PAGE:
There can be multiple reasons why your knees sound like popping popcorns or grating stones when you squat.
Generally popping in the knees is attributed to stiffness of the quadriceps muscle and the fascia that surrounds the knee joint. Overtime, stiffness causes pressure to build up under knee cap, which on movement can cause a sudden release causing a ‘popping’ sound. As worrying as it may be, most of the time popping noises in the knee without pain is NORMAL. However, for others the noise can be accompanied with a grinding sensation under the knee cap which is painful. This suggests there is an underlying pathology that needs to be addressed.
This is something we would clinically consider to be Patella Femoral Pain Syndrome aka Runner’s knee – an umbrella term that encompasses the idea of dysfunctional knee cap tracking.
When you straighten and bend your knee, naturally your knee cap tracks up and down between its groove (trochlea groove) – like a train moving up and down a train track.
When the quadricep muscles on the outside (vastus lateralis) and inside (vastus medialis oblique) part of the leg are working in synchronization as they should, your knee cap is able to track up and down properly. However, if the quadriceps muscle (Vastus lateralis) is overly activated and the fascia (Iliotibial band & lateral retinaculum) on the outer part of you knee cap is excessively stiff, the knee cap gets pulled to the outside.
Essentially the train is being pulled and tilted more to the outside. Eventually overtime, repetitive or violent lateral pull of the knee cap increases friction in the knee grating the smooth underside of the knee cap called, chondromalacia. Additionally, the constant pulling and stiffness of the lateral side will cause stretching on the inside of muscles. On top of that, pain and swelling will cause the muscles in the inside of the leg to shut down.
Here are two steps to managing your symptoms.
- Foam roller or tennis ball
- Lie on your front and place the foam roller underneath your leg.
- Bend the opposite leg and bring it out to the side to help you move back and forth.
- Roll the entire length of the thigh muscle, staying off the knee joint.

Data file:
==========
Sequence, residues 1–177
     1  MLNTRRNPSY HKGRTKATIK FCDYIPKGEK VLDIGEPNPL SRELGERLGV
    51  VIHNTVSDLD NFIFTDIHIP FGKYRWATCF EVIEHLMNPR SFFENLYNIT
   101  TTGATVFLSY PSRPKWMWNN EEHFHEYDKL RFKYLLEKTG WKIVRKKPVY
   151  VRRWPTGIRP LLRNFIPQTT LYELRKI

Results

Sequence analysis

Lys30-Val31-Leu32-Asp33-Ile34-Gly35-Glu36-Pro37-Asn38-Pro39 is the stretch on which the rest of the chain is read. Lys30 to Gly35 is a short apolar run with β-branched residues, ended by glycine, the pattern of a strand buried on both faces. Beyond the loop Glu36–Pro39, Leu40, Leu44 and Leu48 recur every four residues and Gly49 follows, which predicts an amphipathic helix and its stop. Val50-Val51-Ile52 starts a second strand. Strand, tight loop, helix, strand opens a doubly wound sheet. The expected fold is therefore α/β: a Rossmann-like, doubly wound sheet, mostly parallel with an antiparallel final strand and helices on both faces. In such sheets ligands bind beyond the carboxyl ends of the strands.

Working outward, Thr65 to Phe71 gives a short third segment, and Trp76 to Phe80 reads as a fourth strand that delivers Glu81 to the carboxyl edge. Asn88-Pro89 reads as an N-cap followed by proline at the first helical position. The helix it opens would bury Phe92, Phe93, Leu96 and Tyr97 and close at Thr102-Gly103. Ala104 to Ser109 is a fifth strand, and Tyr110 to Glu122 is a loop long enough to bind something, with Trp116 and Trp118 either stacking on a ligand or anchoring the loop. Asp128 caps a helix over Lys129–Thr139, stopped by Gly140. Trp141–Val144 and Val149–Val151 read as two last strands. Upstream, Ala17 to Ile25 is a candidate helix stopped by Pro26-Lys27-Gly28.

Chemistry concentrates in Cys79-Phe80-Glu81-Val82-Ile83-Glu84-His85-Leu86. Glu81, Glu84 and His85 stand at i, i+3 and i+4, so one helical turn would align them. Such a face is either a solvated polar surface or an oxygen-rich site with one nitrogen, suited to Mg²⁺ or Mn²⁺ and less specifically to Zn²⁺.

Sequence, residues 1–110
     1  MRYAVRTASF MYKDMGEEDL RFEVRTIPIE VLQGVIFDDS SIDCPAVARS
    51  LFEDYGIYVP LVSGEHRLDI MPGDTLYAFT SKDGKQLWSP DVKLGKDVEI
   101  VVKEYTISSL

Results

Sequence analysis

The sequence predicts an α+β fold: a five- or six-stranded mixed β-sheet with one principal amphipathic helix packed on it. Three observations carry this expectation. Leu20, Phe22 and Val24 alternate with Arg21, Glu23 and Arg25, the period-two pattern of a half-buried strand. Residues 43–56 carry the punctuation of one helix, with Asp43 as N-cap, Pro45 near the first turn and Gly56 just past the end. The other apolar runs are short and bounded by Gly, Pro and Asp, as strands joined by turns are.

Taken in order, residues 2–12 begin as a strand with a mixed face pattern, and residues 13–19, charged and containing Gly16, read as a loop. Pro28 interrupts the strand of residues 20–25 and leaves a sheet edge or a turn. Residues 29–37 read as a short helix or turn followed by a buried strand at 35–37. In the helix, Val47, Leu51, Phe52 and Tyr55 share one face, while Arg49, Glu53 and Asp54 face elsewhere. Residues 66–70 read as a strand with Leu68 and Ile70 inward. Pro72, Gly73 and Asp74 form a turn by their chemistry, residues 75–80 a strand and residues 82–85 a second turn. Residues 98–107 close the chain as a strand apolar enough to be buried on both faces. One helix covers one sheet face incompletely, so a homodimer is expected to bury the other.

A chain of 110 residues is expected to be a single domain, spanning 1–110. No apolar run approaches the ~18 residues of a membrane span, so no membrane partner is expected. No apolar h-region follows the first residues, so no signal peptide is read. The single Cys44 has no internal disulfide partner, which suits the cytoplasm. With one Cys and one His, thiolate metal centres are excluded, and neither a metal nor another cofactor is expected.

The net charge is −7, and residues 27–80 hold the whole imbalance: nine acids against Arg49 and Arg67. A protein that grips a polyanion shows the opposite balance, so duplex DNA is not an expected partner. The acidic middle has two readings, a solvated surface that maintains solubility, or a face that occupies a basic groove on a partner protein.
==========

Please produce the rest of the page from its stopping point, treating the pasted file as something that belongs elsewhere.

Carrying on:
Make sure you move through the length of the muscle close to the knee cap as you can. You should be looking for stiff spots in the muscles and any sore spots you feel concentrate on it for couple of seconds and work deeper in to the tissue. You should also move in the inside and outside of the quadriceps muscles. Do this with you knee straight and then move into knee flexed position to optimize the release.
For a more concentrated release, use a tennis ball or a lacrosse ball especially at the quadriceps tendon where much of the stiffness is likely present. The reduced surface area of the ball allows you to work on specific spots a lot better to break down deeper areas of stiffness and create more mobility.
Do this mobility routine for 1-2 minutes
- Quadricep stretches
- Start in a standing position. Use support if required for balance.
- Raise one leg behind you grabbing hold of your ankle, or your lower leg.
- Lift and hold for 20-30 second, and then repeat for the other leg.
- Get into a lunge position with back leg flat on floor
- Bend your knee and slowly pull your leg into a stretch
- Hold this stretch for 20-30 seconds
- For comfort place a rolled face towel under the knee cap
Modified quadricep stretch
For some people if kneeling down is irritating for the knee you can modify the stretch.
- Rest your leg on the chair with your foot against the back rest
- Make sure your stance leg is far enough in front of the chair
- Lunge forward until stretch is felt
- Do this for 20-30 seconds.
NOTE: Long duration stretches of over a minute and more can decrease the potential for you to create strength and power in those muscles during your workout. So, prior to your workout focus on short duration stretches.
- Functional mobility stretch
Deep squat sits are great to expand the stretch. If your symptoms are not aggravated, try deep squat sits for 30 seconds up to a minute.
- Stand with feet shoulder width apart
- Point your feet out to about 45 degrees
- Sit in to a deep squat keeping the pressure evenly distributed across feet
Now that you’ve resolved the stiffness in the lateral portion of your knee, next step is to address the muscles imbalances caused by pain and swelling. That is, turning back the firing of the quadriceps muscles.
An effective way to address this, is by doing what we call close chain exercises – these are exercises done where your feet are on the ground, such as squats. Initially you want start slow and high. Mini squats are great because they allow you to strengthen your quadriceps without putting too much compressive forces into your knee. As you get comfortable, advance to a deeper squat and slowly begin to work towards building you strength by adding on weight.
Mini bodyweight squats
- Stand behind a chair or table and place your hands onto the back rest.
- Keeping your back straight, bend both knees into a semi-squatting position, allowing your hands to slide forwards.
- Your hips should travel backwards as you counterbalance by leaning your chest forwards.
- Push through your buttock and thigh muscles as you return to standing, and repeat.
Deep bodyweight squats
- Hold on to the dumbbell, keeping it close to your chest.
- Step your feet wide apart and turn the toes out slightly.
- Drop down into a deep squat position, keeping your feet on the floor.
- Control the movement back to the start position.